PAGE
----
"Two versions have patent merit with that of Mme. Novaes somewhat preferable in the sound of her piano (although the recording is good average in both cases), and especially because of an episodic delicacy very rewarding in the simple outlines in the candid and open-hearted Sonata. The Dohnanyi has some superirority of dynamics without the gentleness of Mme. Novaes's poetry." - C.G. Burke - High Fidelity, Spring 1953

Ernö Dohnany was about 74 when he recorded this Sonata for the Remington label and Guiomar Novaes 18 years younger.

Click here for a Sound Clip of a fragment of the Third Movement of Beethoven's Sonata No. 17 performed by Ernö Dohnanyi.


R-199-43 - Dohnányi: Four Rhapsodies Op. 11, Schumann: Kinderszenen (Scenes from Childhood), announced by Ernst von Dohnányi himself. The interest of this recording is the fact that the composer plays his own Op. 11, but regrettably at a rather late age, and therefore not always in a controlled manner, which can also be said of the rendition of the Beethoven Sonata.

R-199-49 - Brahms: Sonatas Nos. 2 and 3 for Violin and Piano - Albert Spalding, violin, with Ernst von Dohnányi, piano; released in 1951.

R-199-84 - Brahms: Sonata No. 1 ("Regen") Op. 78 Albert Spalding, violin, with Ernö Dohnányi, piano - coupled with Hungarian Dances Nos. 8,9 and 17, with Anthony Kooiker at the piano.
This record was released in the spring of 1952. The liner notes, written by Edward Tatnall Canby, suggest that these performances with Spalding were recorded in the fall of 1949 when Dohnányi came to New York when visiting the United States, before he took up the post of professor at the Florida School of Music.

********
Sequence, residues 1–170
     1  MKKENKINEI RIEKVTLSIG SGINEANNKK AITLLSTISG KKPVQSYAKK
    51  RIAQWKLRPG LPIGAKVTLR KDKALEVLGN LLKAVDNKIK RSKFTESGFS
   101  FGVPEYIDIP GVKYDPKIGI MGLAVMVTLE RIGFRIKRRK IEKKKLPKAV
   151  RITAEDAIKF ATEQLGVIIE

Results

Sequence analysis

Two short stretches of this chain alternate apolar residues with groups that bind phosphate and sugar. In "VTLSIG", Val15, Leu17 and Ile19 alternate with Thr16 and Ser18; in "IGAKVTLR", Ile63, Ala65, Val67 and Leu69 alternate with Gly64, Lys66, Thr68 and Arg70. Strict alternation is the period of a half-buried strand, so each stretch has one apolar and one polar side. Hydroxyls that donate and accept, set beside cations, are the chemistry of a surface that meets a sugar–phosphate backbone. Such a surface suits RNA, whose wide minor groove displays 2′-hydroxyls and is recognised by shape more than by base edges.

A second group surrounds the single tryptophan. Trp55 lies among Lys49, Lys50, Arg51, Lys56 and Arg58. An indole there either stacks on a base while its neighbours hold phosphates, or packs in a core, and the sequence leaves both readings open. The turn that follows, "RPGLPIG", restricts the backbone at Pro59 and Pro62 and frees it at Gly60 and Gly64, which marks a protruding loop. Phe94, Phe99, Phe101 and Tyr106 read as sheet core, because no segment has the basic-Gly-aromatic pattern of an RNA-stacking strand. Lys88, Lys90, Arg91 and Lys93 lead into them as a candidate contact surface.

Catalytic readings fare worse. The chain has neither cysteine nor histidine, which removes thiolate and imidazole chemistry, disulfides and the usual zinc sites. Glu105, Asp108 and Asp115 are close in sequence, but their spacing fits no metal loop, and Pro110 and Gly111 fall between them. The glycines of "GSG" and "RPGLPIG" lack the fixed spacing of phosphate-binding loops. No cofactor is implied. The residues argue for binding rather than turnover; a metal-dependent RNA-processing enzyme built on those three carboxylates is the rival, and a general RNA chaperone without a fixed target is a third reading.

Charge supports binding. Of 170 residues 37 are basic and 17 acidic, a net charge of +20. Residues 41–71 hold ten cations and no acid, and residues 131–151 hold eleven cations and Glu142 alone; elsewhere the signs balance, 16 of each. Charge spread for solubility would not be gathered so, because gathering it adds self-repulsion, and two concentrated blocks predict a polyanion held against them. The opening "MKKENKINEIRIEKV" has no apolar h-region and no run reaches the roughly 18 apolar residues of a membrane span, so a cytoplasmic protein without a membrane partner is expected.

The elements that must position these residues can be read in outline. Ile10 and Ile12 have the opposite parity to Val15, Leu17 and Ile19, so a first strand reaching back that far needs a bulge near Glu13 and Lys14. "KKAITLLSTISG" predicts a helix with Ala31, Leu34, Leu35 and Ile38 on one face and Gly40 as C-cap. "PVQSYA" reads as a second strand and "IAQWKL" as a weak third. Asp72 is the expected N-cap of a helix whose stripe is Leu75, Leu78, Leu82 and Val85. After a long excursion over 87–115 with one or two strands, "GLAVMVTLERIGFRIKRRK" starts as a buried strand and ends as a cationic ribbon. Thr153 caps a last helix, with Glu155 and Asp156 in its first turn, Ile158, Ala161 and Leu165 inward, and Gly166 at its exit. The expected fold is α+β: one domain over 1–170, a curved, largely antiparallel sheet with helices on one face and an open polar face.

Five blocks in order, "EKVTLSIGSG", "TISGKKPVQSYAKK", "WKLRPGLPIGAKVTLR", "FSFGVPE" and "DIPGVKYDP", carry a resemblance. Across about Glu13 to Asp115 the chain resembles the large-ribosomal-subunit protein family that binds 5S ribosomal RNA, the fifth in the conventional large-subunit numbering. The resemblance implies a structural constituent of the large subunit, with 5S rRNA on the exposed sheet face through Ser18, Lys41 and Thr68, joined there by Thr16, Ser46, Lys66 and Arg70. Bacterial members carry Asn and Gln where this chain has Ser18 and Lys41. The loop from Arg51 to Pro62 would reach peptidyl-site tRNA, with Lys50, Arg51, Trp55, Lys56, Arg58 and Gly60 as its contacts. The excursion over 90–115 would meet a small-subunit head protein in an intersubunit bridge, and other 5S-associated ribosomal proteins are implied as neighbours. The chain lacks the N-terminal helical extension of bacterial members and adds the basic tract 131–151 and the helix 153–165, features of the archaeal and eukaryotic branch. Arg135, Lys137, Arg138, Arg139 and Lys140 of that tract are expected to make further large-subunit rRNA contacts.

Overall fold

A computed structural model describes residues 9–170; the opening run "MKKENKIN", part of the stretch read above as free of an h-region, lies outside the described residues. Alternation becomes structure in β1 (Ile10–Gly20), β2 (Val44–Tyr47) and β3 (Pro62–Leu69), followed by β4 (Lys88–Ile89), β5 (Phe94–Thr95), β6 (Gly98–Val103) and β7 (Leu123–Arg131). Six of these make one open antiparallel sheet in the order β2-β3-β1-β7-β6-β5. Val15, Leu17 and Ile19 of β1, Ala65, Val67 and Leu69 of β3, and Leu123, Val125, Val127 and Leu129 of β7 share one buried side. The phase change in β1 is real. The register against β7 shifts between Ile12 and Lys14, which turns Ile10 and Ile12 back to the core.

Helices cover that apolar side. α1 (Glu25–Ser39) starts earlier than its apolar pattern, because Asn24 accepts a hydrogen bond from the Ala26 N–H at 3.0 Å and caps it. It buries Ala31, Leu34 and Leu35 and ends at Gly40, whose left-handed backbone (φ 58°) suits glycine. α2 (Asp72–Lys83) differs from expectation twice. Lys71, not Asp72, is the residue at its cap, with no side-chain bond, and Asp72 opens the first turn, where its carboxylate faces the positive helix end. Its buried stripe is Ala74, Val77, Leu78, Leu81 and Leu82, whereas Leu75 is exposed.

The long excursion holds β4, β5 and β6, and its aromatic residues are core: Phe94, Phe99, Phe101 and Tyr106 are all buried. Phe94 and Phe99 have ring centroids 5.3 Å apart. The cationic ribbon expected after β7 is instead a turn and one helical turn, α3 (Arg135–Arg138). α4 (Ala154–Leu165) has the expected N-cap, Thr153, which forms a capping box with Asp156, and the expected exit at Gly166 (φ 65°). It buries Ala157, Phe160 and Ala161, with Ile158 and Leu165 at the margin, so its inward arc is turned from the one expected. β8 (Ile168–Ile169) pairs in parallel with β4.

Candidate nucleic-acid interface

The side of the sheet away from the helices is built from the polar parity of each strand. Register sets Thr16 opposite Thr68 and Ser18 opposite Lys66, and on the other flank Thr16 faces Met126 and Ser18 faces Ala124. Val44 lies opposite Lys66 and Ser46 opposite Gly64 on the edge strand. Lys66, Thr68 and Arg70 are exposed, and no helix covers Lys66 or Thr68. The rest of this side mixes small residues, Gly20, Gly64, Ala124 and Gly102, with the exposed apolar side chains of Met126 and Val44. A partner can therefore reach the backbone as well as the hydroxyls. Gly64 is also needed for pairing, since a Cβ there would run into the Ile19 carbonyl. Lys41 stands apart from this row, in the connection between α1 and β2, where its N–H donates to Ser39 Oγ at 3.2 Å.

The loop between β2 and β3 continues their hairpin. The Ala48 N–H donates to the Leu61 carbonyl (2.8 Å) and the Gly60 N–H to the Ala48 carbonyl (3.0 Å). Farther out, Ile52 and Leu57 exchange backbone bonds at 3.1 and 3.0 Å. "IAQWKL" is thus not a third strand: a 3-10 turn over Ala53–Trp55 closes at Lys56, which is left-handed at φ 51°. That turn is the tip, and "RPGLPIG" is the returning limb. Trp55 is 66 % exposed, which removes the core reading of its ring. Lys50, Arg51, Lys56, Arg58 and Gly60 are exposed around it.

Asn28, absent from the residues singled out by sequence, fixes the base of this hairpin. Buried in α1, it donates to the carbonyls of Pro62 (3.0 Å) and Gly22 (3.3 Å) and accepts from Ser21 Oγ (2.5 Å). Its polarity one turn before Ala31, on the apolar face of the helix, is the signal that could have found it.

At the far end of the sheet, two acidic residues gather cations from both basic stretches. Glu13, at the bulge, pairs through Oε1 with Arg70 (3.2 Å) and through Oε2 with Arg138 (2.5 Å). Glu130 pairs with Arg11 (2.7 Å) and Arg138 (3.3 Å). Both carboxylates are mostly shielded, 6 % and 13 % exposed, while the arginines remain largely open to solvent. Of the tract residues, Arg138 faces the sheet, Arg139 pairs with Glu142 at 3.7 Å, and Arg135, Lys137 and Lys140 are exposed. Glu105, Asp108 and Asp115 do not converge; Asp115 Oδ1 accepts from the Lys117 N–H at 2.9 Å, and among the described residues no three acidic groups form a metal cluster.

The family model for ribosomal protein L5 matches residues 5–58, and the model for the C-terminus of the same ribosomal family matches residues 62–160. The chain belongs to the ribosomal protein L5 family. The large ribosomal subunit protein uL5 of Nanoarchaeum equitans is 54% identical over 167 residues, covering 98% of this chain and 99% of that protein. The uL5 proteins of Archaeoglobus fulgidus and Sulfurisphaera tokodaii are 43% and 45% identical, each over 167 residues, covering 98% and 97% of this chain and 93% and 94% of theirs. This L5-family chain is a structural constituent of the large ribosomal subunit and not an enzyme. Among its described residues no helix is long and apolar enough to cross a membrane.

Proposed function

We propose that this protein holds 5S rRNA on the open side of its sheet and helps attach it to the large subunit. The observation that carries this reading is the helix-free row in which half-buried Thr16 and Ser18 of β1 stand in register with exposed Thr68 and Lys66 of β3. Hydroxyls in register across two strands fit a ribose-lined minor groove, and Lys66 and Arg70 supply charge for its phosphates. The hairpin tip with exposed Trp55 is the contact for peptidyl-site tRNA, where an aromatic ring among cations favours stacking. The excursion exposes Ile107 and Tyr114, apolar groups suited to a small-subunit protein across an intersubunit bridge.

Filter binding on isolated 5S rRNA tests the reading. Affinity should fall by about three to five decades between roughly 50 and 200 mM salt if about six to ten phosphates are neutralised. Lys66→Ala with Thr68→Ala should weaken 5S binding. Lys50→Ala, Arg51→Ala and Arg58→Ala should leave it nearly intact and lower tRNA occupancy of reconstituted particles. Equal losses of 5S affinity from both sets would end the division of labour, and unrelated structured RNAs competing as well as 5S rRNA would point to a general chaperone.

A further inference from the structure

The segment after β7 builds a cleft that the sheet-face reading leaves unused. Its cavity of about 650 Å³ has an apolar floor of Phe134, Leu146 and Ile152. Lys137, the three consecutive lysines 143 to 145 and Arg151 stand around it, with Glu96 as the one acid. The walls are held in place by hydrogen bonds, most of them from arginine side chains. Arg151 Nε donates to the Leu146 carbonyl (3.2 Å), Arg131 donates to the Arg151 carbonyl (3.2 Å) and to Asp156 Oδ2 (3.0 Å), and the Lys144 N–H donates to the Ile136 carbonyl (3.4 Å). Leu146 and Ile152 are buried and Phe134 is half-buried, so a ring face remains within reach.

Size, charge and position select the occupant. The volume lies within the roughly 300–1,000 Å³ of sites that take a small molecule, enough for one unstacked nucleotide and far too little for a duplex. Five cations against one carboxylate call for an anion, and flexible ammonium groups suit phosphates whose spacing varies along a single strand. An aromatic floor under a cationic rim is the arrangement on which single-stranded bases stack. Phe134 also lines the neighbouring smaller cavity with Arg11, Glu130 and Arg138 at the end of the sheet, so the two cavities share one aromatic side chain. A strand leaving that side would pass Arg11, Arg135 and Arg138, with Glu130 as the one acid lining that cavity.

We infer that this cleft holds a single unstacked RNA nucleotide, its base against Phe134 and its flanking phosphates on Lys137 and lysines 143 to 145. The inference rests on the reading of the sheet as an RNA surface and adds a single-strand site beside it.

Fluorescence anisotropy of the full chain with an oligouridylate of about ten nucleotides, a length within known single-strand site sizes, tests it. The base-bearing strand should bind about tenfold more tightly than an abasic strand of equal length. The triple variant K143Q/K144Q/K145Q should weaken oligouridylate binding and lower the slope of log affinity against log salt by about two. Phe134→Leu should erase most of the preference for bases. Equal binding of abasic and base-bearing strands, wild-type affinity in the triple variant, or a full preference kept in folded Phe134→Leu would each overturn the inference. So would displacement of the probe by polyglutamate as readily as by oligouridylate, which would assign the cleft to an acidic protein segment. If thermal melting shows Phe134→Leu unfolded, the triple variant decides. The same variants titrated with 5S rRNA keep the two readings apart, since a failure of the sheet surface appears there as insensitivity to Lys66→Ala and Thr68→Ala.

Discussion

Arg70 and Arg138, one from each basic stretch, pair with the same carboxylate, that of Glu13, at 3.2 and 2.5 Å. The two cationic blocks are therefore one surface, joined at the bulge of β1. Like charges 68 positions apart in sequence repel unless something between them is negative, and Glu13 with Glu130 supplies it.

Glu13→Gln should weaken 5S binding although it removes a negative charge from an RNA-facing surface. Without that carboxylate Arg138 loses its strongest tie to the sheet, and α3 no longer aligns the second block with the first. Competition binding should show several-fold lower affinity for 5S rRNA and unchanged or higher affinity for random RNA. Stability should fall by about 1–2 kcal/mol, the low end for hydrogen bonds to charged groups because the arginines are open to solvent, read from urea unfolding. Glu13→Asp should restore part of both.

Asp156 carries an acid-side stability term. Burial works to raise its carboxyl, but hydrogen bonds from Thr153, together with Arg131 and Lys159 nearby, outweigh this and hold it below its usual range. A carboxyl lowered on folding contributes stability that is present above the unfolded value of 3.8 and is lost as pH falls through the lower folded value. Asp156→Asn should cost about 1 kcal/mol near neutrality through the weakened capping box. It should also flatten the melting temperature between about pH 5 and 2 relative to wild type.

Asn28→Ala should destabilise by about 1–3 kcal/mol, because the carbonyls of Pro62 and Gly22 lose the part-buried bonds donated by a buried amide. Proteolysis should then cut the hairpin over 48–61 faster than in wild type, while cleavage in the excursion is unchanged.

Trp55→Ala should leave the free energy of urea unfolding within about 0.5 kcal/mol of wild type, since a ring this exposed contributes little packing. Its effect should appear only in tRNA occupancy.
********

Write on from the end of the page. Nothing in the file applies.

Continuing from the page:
Dohnányi: Sonata for Violin and Piano, Op. 21 (written in 1912 in Berlin) was recorded in 1952 with violinist Albert Spalding and Ernst von Dohnányi at the piano, but was never released on Remington records. Tom Null issued this performance for the first time on Varèse-Sarabande VC 81048 in 1978 - coupled with Enesco's Violin Sonata No. 2 played by George Enesco himself and Céliny Chailley-Richez at the piano. See The Remington Series.

Researched and written by Rudolf A. Bruil. Page published in the Fall of 2002.

To honor the 125th anniversary of Dohnányi's birth and to commemorate the ten years he spent as a teacher at the Florida State University, an International Ernst von Dohnányi Festival was held from 31 January through 2 February 2002. Many guest artists who attended and performed were conductor Matthias Bamert, pianist Barry Snyder, cellist János Starker, musicologist and leading Dohnanyi scholar Alan Walker, pianist and Dohnanyi researcher Deborah Kiszely-Papp, and pianist Bálint Vázsonyi. - R.A.B.



Copyright 1995-2008 by Rudolf A. Bruil